Laguna Beach senior running back Nick Rogers. (Courtesy of Jake Hiemstra)
Success breeds success, and there is no better example than Laguna Beach High School’s football team.
The aptly-named Breakers from Southern California’s Orange County coast will begin their quest for a second consecutive CIF Southern Section championship when they host El Dorado of Placentia at 7 p.m. Nov. 3.
Laguna Beach, 9–1, hasn’t lost since dropping a 27–26, overtime decision at Chino in their Aug. 17 season-opener. The current nine-game winning streak matches a run the Breakers put together en route to capturing last season’s CIF Southern Section Division 9 crown before they suffered a 56–55 heartbreak against Granada Hills Charter in the state playoffs.
“Last year, we weren’t prepared for that,” Laguna Beach Coach John Shanahan told reporters after a 42–7 victory at Westminster that wrapped up the Pac 4 League championship Oct. 27. “We didn’t have any conversations about going on after winning a CIF championship. It was a little overwhelming for our kids when I said, ‘Hey, congratulations, you got practice on Monday.’ They were like, ‘Wait, for what?’ We hadn’t won a CIF championship since 1946. Those aren’t conversations you have.”
The CIF this season placed the Breakers in Division 7, where a potential championship-game rematch with Chino is among the possibilities.
Laguna Beach junior quarterback Jackson Kollock. (Courtesy of Jake Hiemstra)
“We’re going in with all we have,” junior quarterback Jackson Kollock told reporters after passing for 390 yards and three touchdowns in the win over Westminster, bringing his season totals to 2,954 yards passing and 41 touchdowns. “We’re looking to win state this year. It’s our goal, and we’re going to go get it.”
Expectations at Laguna Beach have changed in so many ways over the past couple of seasons. And that all started, Mr. Shanahan said, with senior tight end and linebacker Ryner Swanson, who has committed to play college football at Brigham Young University beginning next season.
“He has single-handedly changed our program,” Mr. Shanahan said. “When you see him get a D-1 offer, now guys are saying ‘Well maybe I don’t have to leave Laguna. Maybe I don’t have to go to these other schools to get an opportunity to play at the next level.’”
Swanson, in fact, took Mr. Shanahan’s direction and delayed his commitment to Brigham Young in order to further opportunity for Kollock. When a University of Washington assistant coach subsequently visited to scout Swanson, he saw Kollock, as well. One thing led to another and last week, Kollock committed to play for the Huskies.
“There’s not a better teammate in this world than that guy,” Kollock said. “I love all these guys. We have guys who just give and give. The team’s unreal, like we’re all such a family. I couldn’t ask to be with a better group of guys.”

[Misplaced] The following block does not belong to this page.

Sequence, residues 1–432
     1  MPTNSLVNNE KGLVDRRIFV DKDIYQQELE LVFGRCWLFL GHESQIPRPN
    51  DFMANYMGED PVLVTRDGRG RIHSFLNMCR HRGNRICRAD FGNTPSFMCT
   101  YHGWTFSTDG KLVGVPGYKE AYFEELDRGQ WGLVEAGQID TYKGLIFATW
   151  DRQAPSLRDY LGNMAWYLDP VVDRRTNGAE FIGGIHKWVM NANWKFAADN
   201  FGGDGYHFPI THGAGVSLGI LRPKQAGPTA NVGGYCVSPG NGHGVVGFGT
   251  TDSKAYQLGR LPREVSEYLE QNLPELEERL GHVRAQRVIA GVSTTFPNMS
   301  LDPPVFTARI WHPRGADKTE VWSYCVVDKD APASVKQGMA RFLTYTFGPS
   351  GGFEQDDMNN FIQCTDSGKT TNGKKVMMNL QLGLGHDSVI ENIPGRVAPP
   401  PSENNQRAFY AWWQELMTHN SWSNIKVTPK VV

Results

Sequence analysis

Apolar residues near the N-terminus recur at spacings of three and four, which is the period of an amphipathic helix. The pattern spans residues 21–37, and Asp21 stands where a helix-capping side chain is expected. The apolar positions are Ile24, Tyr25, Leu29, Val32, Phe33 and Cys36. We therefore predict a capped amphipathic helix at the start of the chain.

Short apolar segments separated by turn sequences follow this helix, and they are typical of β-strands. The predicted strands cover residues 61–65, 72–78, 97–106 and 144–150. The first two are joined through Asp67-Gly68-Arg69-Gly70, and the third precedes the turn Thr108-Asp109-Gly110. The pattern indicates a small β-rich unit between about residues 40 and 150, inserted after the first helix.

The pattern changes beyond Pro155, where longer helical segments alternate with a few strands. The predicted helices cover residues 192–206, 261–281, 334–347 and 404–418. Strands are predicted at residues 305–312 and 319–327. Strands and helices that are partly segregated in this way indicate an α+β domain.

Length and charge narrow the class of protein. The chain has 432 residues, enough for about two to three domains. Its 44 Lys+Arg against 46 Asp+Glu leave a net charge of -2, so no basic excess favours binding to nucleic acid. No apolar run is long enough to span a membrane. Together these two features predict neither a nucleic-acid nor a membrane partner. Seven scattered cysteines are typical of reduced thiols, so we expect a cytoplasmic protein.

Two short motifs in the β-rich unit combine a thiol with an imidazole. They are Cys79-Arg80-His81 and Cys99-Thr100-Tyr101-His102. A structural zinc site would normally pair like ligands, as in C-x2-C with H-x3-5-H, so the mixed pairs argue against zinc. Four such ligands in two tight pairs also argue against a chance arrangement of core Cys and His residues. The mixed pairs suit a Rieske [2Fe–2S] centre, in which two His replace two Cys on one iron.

Now that Swanson and Kollock will be moving on to the next level, opportunities figure to follow for more Breakers players. Freshmen Wyatt Bogdan and Jack Hurst, who have been mentored by Swanson and Kollock, respectively, are among those with every opportunity to pursue college careers.
“Having them being able to stay home and play football and have a chance to play at the next level is great for our team,” Mr. Shanahan said. “Laguna kids never had that. They never thought they could play beyond high school, but I think some of them are starting to see it now.”
Laguna Beach senior tight end and linebacker Ryner Swanson. (Courtesy of Jake Hiemstra)
At its best, high school football engenders togetherness, and that is certainly the case at Laguna Beach. Senior running back Nick Rogers presented a logical theory after rushing for 176 yards, catching four passes for 78 more, and scoring four touchdowns against Westminster.
“I think it begins with the fact we have such a small team because we’re such a small town,” Rogers told The Epoch Times. “And so, whether we like it or not, we have to be so united. And we are, even outside of football. Everyone is so close because it’s such a small school. That’s how everything starts, and that’s how we work so well together. Not a lot of schools have that.”
The Breakers, who have scored at least 50 points in a game four times this season and 42 on two other occasions, will also put their work ethic up against anyone’s.
“I think sometimes our kids get upset with me and the coaching staff because we do the same thing every single day, all year long,” Mr. Shanahan said, citing the typical practice plan. “We try to teach our kids that if you consistently work hard at the same thing over and over again, for the most part, it’s going to lead to success. The continuous, repetitive hard work we put in throughout the year is what I think allows us to be pretty consistent. Our kids have lofty goals. They’ve been working like they want to have that 16-game season. We’ll keep coaching them hard as long as they want it.”